PopCap has a unique grip on the video game industry. Titles like Bejeweled, Zuma and Peggle are staples among the casual crowd but are equally capable of hypnotizing core players for hours on end. This is because every game PopCap produces is built on the foundation Tetris established; they are simple to learn, difficult to master and translate well to multiple platforms. This is especially true for Plants vs. Zombies, one of the most engaging and engrossing tower defense games in history.
Plants vs. Zombies (PvZ) is the latest PopCap title to be transferred to the Nintendo DS (see also: Bookworm, Bejeweled Twist and Peggle) and it’s brimming with personality. For the uninitiated (where have you been hiding?) PvZ lets you plant dozens of charming yet deadly perennials in a bid to protect your house (and your brains) from an onslaught of 26 humorous, specialized zombies. In true PopCap fashion, each level you complete rewards you with a new ability or plant to add to your arsenal, adding a new layer of depth and difficulty literally every few minutes. Will you wall up early for a late-game offensive, or take it to the zombies with the awesome fireball/threepeater combo? How will you deal with that sneaky underwater zombie? The foundation of the game, especially to tower defense nuts, is magnetic. With a couple minor exceptions, this is a fantastic tower defense experience and an excellent port priced to move ($19.99). The DS version also packs a few exclusive features and is arguably easier to control than its console cousins; the stylus is a natural fit for any game in this genre.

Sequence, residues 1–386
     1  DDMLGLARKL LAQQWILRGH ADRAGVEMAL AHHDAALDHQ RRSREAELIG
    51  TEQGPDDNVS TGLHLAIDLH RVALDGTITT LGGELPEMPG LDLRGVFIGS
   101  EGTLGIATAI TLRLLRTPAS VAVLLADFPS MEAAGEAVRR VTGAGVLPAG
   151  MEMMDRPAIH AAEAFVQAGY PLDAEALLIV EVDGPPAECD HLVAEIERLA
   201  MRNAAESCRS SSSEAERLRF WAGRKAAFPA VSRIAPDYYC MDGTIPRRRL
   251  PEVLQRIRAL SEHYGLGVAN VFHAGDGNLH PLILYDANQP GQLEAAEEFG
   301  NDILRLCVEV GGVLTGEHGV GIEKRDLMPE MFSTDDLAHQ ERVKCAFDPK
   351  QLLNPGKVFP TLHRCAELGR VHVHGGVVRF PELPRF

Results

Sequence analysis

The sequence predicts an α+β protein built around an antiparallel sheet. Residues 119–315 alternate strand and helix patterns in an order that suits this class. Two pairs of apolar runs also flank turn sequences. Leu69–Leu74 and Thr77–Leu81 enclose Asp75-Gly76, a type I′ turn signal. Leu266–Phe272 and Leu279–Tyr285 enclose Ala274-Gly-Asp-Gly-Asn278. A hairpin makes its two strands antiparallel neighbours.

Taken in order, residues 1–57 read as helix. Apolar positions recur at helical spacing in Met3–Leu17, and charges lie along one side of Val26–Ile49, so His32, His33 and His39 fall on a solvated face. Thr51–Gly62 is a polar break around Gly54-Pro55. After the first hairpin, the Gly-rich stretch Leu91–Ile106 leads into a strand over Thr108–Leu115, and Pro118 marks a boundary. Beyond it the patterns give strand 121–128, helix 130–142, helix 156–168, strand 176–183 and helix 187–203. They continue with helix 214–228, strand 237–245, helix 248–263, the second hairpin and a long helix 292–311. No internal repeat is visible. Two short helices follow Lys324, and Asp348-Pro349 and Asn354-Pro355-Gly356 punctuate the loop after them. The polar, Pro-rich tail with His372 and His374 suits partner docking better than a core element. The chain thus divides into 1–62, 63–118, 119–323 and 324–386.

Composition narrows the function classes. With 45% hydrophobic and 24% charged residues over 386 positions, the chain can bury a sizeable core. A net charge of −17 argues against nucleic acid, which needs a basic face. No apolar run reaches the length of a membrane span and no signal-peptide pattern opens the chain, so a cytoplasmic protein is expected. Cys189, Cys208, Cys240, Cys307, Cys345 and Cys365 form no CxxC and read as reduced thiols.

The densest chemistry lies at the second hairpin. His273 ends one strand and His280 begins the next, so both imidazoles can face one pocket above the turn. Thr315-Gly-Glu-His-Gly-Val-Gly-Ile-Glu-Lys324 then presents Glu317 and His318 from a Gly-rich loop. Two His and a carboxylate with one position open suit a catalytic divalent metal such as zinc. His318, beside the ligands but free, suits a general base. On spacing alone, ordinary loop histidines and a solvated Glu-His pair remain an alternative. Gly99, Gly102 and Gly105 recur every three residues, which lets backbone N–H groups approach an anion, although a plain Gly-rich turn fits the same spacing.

Without question this is a complete package, including the lengthy Adventure mode, a local versus mode (requiring only one cartridge for limited skirmishes) similar to the Xbox Live version, along with Survival and Puzzle modes. A wealth of mini-games are here as well, including 4 new ones exclusive to the Nintendo DS (Heat Wave and HomeRun Derby are standouts). It’s a staggering amount of content and aside from a few lackluster mini-games, will keep you coming back out of both addiction and obsession.
If you already own the excellent iPhone version, paying $17 more for the cartridge is a tough reality to swallow, especially when considering the iOS version runs more smoothly. To PopCap’s credit, the DS handles the majority of the gameplay admirably, but you’ll notice some chop and stuttering on occasion as the hardware struggles to render the increasing onscreen chaos. By no means is the slowdown a deal breaker; merely a minor annoyance in an otherwise impeccable port. Our other minor gripe concerns screen real estate. In later levels the density of your plants and various botanical creatures can make it tough to accurately place objects, but you’ll quickly learn to adjust.
The Bottom Line:
If you haven’t yet been seduced by the cult of PopCap, you may in fact be an alien. Still, this latest PC to DS translation is a perfect excuse to start drinking the kool-aid. Aside from some minor graphical hiccups, Plants vs. Zombies is represented perfectly on Nintendo’s handheld and If you don’t own the iPhone or PC version, this is a perfectly portable must-have addition to your DS library.
- Release Date: January 18th 2011
- Genre: Tower Defense
- Platform: Nintendo DS
- Developer: PopCap Games
- Publisher: PopCap Games
- ESRB Rating: E10+